On June 1, 2012, we launched a second surgical attack on the GBM in my brain. Although my surgeon dealt it a decimating blow, the nefarious tumor cleverly attached itself to my Sylvian Fissure, preventing total gross resection. So to finish it off, I decided that the second-wave offensive would be the NovoTTF-100A device. After all, why bring out the big guns, like Avastin, and suffer it’s chemo casualties, when I can be on the FDA-approved progressive edge of fighting cancer?
Chapter 2 — Progress Check
Today is August 14th, 2012. Tomorrow is the one year anniversary of my first craniotomy. I’m thirty-three days into using the NovoTTF-100A device. Tina and I walk from our hotel to my appointment, enjoying the beautiful Chicago morning. I’m confident and haven’t the slightest anxiety.
First up — 8am MRI. The Northwestern radiology staff are wonderful. The facility was quite nice. It almost felt like a spa visit (at least to me – I can’t speak for Tina).
We then headed upstairs, eager to hear the doctor’s positive review of the MRI, so we could go explore The Magnificent Mile before returning to Atlanta.
Chapter 3 — The Big Reveal
We arrived at the outpatient cancer center and spotted our two Novocure reps. They were there to download the performance data collected by the TTF device I had been using. We all exchanged hugs and niceties while doing the compulsory doctor-visit wait and recording of weight, blood pressure, et cetera.
After a short wait in the exam room, the nurse practitioner came in and bluntly informed Tina and I that the tumor had grown dramatically — almost four times last month’s recorded size. She wanted to get a sense of what we wanted to do now (that is, continue with failed battle plan or try Avastin or a trial).
I was pissed off. Not so much because of the bad news. Moreso about how it was delivered to us. Why wasn’t a doctor talking to us about this sensitive information? I felt so bad for poor Tina. News, good or bad, takes a while to sink into my thick skull. But Tina “gets it” immediately. She was visibly shaken by this horribly disappointing and unexpected report.
I settled down and the doctor soon came to see us, giving us all the time we wanted to grill him with questions and concerns. He was great actually and I see now that the NP was also doing her best to help us. We thanked them graciously and parted well.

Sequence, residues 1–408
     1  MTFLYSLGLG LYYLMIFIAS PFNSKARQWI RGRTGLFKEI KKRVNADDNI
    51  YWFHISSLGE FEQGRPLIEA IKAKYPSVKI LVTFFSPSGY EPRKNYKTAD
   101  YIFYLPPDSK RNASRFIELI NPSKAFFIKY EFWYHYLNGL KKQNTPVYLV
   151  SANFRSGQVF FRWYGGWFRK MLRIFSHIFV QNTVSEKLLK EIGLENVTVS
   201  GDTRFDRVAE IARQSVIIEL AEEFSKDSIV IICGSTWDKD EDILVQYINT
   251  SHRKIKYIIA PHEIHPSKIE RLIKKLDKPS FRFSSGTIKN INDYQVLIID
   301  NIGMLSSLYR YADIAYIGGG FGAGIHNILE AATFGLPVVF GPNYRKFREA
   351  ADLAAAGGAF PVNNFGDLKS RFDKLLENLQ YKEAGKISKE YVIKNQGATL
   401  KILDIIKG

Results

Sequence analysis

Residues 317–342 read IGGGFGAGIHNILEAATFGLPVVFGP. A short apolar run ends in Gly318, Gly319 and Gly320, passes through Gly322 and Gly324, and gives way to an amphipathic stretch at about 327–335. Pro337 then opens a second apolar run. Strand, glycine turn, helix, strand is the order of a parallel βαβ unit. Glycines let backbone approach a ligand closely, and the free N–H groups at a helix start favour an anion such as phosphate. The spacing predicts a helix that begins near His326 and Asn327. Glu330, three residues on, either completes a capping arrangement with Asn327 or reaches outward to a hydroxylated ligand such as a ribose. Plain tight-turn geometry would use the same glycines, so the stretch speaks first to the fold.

Chapter 4 — Let’s Be Honest
In our meeting, the doctor revealed that he didn’t have the highest of expectations for the device. He seemed keen on Avastin and trials. But Novocure is an interesting product. (I know because I get asked about it by strangers every day.) They’ve got some good results data. They’ve got no debilitating side effects. These two criteria have garnered quite the hype. It sure sold me.
Tonight, a good friend picked us up from the airport and took me to dinner where he revealed that all along he thought the thing looked like an experiment and, as much as he wanted it to work, just never thought it was going to. I don’t begrudge him that. It seemed to be the same opinion the doctor had.
I am not saying that I think the device is not effective. Of course every person’s situation and results are unique. I may very well continue to use it. But I know I have to do more.
Chapter 5 — Regroup, Strategize and Continue the Fight
I’m trying to rally the Emory troops ASAP. We knew this was a potential outcome so we’ve already discussed back up plans. We know it’s time to be aggressive. Could there be a third craniotomy? Possibly. If the surgeon says it’s reasonable, I will be strongly compelled to go that route. My previous brain surgeries seemed to go pretty well in my eyes. Afterall, I can still function and even take the bike for a spin every once in a while. But it wouldn’t end there. We’d have to get started with another treatment soon thereafter — maybe take another stab at Temodar; or maybe it’s time to bite the Avastin bullet. Another clinical trial is a strong option, but I won’t do another double-blind, randomized, placebo-controlled study. I don’t mind helping advance science and all, but I’m selfishly more concerned with me right now.
Chapter 6 — But, What If…
Tina and I will have to consider other (crazier) scenarios. Maybe this is a good time to take that trip to Africa we’ve dreamt about for over a decade. Maybe we’ll see if Tommy Chong needs more crusaders on the cancer battlefront. At the very least, get into an ocean before the season is over. Also, other countries have options not available to us here in the U.S.
Chapter 7 — The Very Thought
I’m being open and honest, the Africa trip idea, is clearly a romanticized answer to the classic “What would you do if?” hypothetical. Medically, it means “doing nothing.” What happens if I have a seizure out on the savanna? Are there adequate medical resources? Spiritually, maybe it’s just the ticket. I’d still have my friend’s prayers working for me.
Maybe it’s just my time. I’m not afraid. Many things in life are scary. High-speed weaving through Atlanta traffic on a motorcycle, for instance. Or scraping pegs on The Tail of the Dragon with an oncoming logging truck taking up half your lane. Or having to buddy breathe on a slow ascent and safety stop before surfacing because of equipment malfunction. I’m sure you’ve got your own close-call, adrenaline-inducing experience to relate to. I’m saying, maybe dying is just the final scary-exciting experience of life. I’m neither eager nor prepared for it. But it’s not going to intimidate me into sacrificing enjoyment and fulfillment while I can still pursue them.
Who Knows? (That’s not another chapter — just my final thought.)